This case-control study was performed on 20 autism children using convenience sampling as case group who referred to psychiatry clinics affiliated with Tabriz University of Medical Sciences and 20 healthy age-matched as the control group who were randomly selected from children referred to ear, throat, and nose (ENT) specialists with nasal fracture. The diagnosis of autism was provided based on DSMIV-IR criteria.

Inclusion and Exclusion Criteria

Inclusion criteria were cooperation in conducting hearing tests and ages 4-10 years. Also, children with conductive hearing disorder (perforation of the eardrum and the external ear canal atresia, etc.) were excluded from the study.

Data Collection

The two groups were controlled regarding speech and language disorders caused by impaired hearing. Also, the severity of autism in children was performed individually using a set of specific tests such as the Gilliam Autism Rating Scale (GARS) [32] by experienced psychiatrists and psychologists. The GARS questioner has three sections (42 questions), including stereotyped behaviors, communication, and interaction. Each section consists of 14 questions, and each question is scored from 0 to 3 points based on the repetition of behavior over a period of 6 hours. In general, patients with less than 52 points have the potential of mild autism, and those with 53-84 points have the potential for moderate autism; and those with more than 85 points have the potential for severe autism. Before performing the hearing test, the patients underwent an otolaryngology examination by ENT specialist. Also, tympanometry was performed by an audiologist, and in the absence of the conductive hearing loss, they were tested for ABR and OAE. Briefly, stimulants with expansionary polarity used to test ABR (Standard Click 125 microseconds), which produced by stimulator device 2250 ERA and presented through headphones to the ear. The intensity was 70 dB peSPL. The number of stimulus was 20 excitations in a second and 10 milliseconds intervals. Click stimulus presented to the experimental ear and responses were recorded. Band-pass filtering of the device was adjusted at frequencies 150 to 2500 Hz. The active and the reference electrodes were placed at Fz zone and A1 or A2 zone (based on the international system), respectively. The earth electrode was placed over mastoid on the opposite side of the tested ear, and electrode resistance was less than 5 kilo-ohms. Children were placed in a lying position during the test. In the case of normal results of ABR with the click stimulus and obtaining normal result in OAE, hearing loss in patients ruled out.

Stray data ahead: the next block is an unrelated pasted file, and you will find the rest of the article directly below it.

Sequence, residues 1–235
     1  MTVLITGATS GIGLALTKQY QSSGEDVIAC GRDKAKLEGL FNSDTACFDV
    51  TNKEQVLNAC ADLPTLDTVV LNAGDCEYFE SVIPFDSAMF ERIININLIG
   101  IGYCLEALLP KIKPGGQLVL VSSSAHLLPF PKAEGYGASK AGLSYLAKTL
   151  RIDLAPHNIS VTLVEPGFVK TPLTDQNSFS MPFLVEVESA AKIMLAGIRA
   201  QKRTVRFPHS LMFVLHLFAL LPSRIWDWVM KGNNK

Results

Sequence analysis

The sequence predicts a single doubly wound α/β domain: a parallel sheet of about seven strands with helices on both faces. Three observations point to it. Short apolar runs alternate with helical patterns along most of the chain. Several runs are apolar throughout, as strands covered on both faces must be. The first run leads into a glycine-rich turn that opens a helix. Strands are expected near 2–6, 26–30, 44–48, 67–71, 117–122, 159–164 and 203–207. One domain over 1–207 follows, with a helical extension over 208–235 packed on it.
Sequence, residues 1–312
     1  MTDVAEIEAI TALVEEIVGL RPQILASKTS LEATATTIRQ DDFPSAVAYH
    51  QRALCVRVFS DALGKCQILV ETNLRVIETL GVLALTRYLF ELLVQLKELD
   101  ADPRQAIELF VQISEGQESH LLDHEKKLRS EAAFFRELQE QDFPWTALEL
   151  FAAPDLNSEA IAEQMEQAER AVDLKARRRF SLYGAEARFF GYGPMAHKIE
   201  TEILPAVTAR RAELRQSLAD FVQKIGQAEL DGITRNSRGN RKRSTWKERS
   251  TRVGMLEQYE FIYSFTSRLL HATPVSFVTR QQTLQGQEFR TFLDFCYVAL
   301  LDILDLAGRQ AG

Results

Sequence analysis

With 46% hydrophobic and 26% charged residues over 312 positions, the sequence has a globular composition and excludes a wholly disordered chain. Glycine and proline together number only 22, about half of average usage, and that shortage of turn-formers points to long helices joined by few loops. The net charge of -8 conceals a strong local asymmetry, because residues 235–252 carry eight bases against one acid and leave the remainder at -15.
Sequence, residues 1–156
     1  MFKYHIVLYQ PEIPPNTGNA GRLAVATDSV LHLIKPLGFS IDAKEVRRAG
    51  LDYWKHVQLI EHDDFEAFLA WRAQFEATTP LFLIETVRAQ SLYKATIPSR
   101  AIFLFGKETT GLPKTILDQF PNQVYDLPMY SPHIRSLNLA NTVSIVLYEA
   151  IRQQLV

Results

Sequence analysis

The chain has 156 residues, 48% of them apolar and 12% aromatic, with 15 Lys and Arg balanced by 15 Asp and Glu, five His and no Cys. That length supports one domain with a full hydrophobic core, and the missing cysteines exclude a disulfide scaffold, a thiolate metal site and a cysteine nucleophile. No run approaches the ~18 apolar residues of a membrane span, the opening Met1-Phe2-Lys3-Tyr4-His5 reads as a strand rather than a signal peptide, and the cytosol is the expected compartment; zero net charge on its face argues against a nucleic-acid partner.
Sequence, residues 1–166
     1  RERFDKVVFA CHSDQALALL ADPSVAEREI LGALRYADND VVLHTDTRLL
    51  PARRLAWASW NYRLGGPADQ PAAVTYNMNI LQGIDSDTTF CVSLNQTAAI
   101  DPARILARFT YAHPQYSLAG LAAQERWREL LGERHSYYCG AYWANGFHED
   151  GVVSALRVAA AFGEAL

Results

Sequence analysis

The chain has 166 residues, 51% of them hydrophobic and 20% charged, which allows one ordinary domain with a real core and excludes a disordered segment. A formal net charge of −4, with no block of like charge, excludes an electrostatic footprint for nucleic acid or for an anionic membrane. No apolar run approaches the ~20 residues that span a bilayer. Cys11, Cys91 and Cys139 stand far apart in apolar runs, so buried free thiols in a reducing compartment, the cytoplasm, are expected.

Ethical Issue

The consent written form was obtained from the parents of the children. All individuals’ information, including their name were kept confidential, and all the steps of this study were in accordance with the Declaration of Helsinki. Also, the research project was approved by the Ethics Committee of Tabriz Azad University of Medical Sciences (IR.IAU.TABRIZ.REC.1397.0.31).

Statistical Analysis

ABR waves variability among autism patients’ groups, and respected controls were illustrated using descriptive statistics (mean, range, standard deviation, standard error). Data analyzed in SPSS software (version 23.0, IBM Corporation, Armonk, NY, USA). The P-value<0.05 was used to indicate a statistically significant difference between groups.